It's great to see the beautiful stately home known as Camelot play such a pivotal role in Channel 7's drama series, A Place to Call Home. The intrigue in the characters' story lines are matched perfectly by the dramatic setting. The 55-room property, which is located just outside Sydney near Camden, was constructed in the late 19thcentury and features those incredibly striking turrets, chimney stacks and arched verandas.
While England might be the place to admire stately homes, here in Australia we certainly boost our own array of impressive structures.
Sharron Clark is the Victorian Marketing and Communications Manager for the National Trust of Australia
"The National Trust's wide range of magnificent properties throughout Metropolitan and Regional Victoria provide visitors with the opportunity to step back in time and experience what life would have been like for those who lived there," said Sharron.
Here are our favourite stately homes located throughout Victoria that are managed by the National Trust.
This imposing bluestone mansion located in Winchelsea near Geelong in Victoria, was originally built in the 1860s and features intricate ironwork over the entrance way, a magnificent grand staircase and interior arches on the upper floors. Today the 12,000 hectare property with its 42 rooms is popular for concerts and weddings. There are also stables that have been faithfully restored.
Como House and Gardens
While Como House is only open for groups who book in advance, it is definitely worth making the effort to organize your friends to experience one of Melbourne's most impressive gardens. The mansion was built 160 years ago and features period antique furniture, which provides a unique insight into the lifestyle of one of the country's wealthiest pioneer families.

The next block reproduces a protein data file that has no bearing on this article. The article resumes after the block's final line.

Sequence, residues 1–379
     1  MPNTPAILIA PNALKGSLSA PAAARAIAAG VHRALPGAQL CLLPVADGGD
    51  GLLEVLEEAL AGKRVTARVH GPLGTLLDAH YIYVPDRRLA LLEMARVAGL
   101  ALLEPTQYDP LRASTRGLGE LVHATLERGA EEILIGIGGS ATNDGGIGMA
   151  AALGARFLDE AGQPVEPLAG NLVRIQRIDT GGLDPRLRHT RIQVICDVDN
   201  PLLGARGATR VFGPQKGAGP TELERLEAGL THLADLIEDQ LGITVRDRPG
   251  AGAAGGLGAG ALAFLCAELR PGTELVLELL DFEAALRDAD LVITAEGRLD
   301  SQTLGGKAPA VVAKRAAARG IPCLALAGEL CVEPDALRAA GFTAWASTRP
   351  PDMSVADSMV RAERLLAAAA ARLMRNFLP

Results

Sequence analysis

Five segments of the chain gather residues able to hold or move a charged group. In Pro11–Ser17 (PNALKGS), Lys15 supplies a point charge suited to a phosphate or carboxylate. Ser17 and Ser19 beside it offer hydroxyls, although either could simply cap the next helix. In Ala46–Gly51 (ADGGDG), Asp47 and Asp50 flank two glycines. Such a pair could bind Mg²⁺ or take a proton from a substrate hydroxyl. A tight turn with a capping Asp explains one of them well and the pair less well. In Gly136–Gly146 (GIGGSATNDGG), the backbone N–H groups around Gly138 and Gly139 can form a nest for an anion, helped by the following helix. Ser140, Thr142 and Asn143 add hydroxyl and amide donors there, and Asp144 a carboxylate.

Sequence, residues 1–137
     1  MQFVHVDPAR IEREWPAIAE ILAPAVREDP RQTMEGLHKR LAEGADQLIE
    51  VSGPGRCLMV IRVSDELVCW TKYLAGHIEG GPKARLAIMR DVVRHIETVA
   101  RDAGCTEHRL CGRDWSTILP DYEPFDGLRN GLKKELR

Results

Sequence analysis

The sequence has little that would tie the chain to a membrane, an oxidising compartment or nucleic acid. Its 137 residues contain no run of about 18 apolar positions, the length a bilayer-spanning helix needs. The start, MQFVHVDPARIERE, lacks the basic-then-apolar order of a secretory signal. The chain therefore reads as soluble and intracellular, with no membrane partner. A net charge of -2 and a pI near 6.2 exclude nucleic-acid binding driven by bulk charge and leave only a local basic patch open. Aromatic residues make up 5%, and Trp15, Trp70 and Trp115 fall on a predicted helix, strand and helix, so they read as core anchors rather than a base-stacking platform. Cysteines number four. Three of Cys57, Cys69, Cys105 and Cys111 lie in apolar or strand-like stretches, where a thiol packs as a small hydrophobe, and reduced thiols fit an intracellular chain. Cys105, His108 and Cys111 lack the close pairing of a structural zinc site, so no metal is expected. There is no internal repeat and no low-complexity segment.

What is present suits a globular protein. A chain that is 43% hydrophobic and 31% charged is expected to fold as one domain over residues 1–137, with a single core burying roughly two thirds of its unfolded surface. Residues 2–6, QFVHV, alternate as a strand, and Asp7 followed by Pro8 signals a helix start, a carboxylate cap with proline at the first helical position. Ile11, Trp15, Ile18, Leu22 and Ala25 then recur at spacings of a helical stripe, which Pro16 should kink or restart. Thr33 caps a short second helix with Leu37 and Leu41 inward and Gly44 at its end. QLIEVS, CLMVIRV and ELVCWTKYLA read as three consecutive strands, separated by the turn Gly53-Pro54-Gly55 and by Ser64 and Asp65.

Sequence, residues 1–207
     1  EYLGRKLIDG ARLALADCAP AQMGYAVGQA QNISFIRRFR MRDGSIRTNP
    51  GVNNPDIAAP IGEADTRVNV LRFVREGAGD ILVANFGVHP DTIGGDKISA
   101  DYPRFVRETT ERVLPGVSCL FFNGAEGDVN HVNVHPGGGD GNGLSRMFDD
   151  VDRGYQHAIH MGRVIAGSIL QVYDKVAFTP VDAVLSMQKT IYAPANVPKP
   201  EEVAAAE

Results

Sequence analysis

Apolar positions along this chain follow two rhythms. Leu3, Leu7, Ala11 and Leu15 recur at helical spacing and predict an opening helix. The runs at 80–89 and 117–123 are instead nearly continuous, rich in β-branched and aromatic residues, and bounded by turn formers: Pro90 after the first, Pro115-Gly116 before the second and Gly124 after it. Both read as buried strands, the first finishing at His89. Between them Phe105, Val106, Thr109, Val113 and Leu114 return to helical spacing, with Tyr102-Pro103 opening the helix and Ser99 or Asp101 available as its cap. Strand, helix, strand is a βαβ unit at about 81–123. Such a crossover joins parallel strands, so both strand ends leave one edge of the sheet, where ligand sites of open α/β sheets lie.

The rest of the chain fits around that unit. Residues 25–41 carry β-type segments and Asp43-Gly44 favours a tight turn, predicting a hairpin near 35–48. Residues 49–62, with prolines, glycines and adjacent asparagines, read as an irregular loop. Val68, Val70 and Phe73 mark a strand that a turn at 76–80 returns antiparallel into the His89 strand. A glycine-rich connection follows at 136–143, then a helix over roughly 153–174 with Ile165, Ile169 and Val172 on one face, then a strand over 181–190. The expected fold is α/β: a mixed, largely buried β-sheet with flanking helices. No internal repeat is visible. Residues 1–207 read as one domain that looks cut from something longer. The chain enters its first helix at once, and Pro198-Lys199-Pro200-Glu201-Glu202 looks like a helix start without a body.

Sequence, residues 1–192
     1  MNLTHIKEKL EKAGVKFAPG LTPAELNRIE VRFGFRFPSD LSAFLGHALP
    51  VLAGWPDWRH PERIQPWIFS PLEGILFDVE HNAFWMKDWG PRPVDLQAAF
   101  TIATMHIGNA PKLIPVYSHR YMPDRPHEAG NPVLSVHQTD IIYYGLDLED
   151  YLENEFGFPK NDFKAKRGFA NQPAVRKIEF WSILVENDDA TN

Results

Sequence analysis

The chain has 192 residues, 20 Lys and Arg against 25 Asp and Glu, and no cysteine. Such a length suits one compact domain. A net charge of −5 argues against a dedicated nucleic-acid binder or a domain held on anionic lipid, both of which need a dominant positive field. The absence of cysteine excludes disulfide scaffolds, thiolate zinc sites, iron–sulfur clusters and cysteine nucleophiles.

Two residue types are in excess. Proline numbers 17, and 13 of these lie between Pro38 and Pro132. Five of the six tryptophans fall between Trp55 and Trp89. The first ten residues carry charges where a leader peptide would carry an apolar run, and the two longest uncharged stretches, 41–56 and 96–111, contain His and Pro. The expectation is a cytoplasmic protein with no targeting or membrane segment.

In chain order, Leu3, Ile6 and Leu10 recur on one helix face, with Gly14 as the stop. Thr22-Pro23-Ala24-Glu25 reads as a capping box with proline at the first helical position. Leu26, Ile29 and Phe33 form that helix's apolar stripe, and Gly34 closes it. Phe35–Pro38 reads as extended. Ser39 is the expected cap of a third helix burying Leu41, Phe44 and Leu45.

Rippon Lea House and Gardens
Beautifully designed in the Victorian Italianate style, Rippon Lea House is one of Victoria's important examples of a substantial late nineteenth century private suburban estate as constructed following the state's gold rush. Each year the 14 acre gardens, which feature a fernery, arboreum, waterfall and lake, host the Teddy Bear's Picnic and are the first choice for many couples on their wedding day. The House's interior boasts embossed wallpapers, ornamental stained glass and a mesmerising ballroom.
This audacious mansion located in Caulfield North, was originally called Ontario but was renamed Labassa in 1904 after the new owners enjoyed a holiday in the Fijian village of Labassa. Today the property is of significant architectural importance to Victoria with its French Renaissance style design and lavish external features such as the use of marble, scagliola, swagged columns and ornamental cresting. The European style interior is largely original including the trompe l'oeil ceiling, ceramic tilework and tripartite window.
In 1925 artist and author Daryl and Joan Lindsay decided to convert a four-room 1880's cottage into an American colonial-style home. The result, known as Mulberry Hill in Langwarrin South, is a worthy of exploration and should be included on the itinerary of visitors to Melbourne. The contents of the property include a collection of Australian art, Georgian furniture and Staffordshire ceramics.